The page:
Taylor Swift has defied a lot of conventional wisdom. In the midst of a recording-industry implosion, she sold 3 million physical copies of her 2006 debut. At a time when Nashville is dominated by Stetson-wearing male singers in their 30s and 40s, the 18-year-old emerged as country's newest superstar with a repertoire full of girly songs aimed at teens. She is a blond, blue-eyed, amazonian starlet who — unlike nearly every other person who fits that description — writes her own songs, plays an instrument, answers to no Svengali and doesn't rely on high-priced studio ninjas and trendy producers. Britney she ain't.
With her second album, Swift aims to extend her dominion beyond the country-music-loving red states. Songs like "Fearless" and "The Way I Loved You" are packed with loud, lean guitars and rousing choruses. The only overtly country-ish things about Fearless are Swift's light drawl, the occasional reference to a "one-horse town" and a bit of fiddle and banjo tucked into the mix.
Swift is a songwriting savant with an intuitive gift for verse-chorus-bridge architecture that, in singles like the surging "Fifteen," calls to mind Swedish pop gods Dr. Luke and Max Martin. If she ever tires of stardom, she could retire to Sweden and make a fine living churning out hits for Kelly Clarkson and Katy Perry.
For the foreseeable future, though, she's concentrating on her own quirky teen pop. She sings one vaguely political anthem, the string-swathed "Change," filled with pronouncements about "revolution" and a singsong chorus of "hallelujahs." And then there's "The Best Day," a goody-two-shoes ode to Mom and Dad: "Daddy's smart, and you're the prettiest lady in the whole wide world," Swift croons. But she mostly sticks to her favorite topic — boys, boys, boys — in songs filed neatly under "love-struck" or "pissed off." In the latter category is the infectious "Tell Me Why": "I'm sick and tired of your attitude/I'm feeling like I don't know you."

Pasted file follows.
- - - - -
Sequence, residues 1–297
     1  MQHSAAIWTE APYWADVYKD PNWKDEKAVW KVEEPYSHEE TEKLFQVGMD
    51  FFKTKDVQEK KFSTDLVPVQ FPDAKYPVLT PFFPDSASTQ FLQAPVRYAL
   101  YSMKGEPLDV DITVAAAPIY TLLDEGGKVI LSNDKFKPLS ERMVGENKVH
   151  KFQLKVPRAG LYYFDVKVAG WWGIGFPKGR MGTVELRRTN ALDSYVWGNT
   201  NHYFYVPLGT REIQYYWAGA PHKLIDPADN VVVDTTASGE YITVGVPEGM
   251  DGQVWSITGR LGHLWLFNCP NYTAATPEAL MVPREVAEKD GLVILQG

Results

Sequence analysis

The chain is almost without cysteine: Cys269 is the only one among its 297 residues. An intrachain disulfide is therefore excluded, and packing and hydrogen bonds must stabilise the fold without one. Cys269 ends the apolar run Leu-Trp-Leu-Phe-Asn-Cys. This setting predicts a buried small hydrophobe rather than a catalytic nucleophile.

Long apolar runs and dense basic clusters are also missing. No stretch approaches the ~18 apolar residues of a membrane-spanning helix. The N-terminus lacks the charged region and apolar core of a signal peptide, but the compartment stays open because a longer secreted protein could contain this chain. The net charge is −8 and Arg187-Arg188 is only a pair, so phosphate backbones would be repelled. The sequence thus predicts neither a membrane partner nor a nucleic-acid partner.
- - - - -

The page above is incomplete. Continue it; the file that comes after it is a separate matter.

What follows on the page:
It's hard not to be won over by the guilelessness of Swift's high-school-romance narratives ("She wears short skirts, I wear T-shirts/She's cheer captain, and I'm on the bleachers"), with their starry-eyed lyrics about princesses and ball gowns and kissing in the rain. For Fearless to feel any more like it was literally ripped from a suburban girl's diary, it would have to come with drawings of rainbows and unicorns in the liner notes. The lyric sheet to "Forever & Always" even reveals a hidden message in the form of an acrostic, clearly intended for a young man of Swift's acquaintance: "If you play these games, we're both going to lose."
And therein lies the peculiar charm of Taylor Swift. Her music mixes an almost impersonal professionalism — it's so rigorously crafted it sounds like it has been scientifically engineered in a hit factory — with confessions that are squirmingly intimate and true. In "Fifteen," Swift confides, "Abigail gave everything she had to a boy/Who changed his mind/And we both cried." Swift's real-life best friend is a girl called Abigail — the singer's not afraid to name names. It's safe to assume that the titular love object in the lilting "Hey Stephen" is, well, some dude named Stephen that Swift has a crush on. And she has a question for him: "All those other girls, well, they're beautiful, but would they write a song for you?"
This is a story from the November 13, 2008 issue of Rolling Stone.
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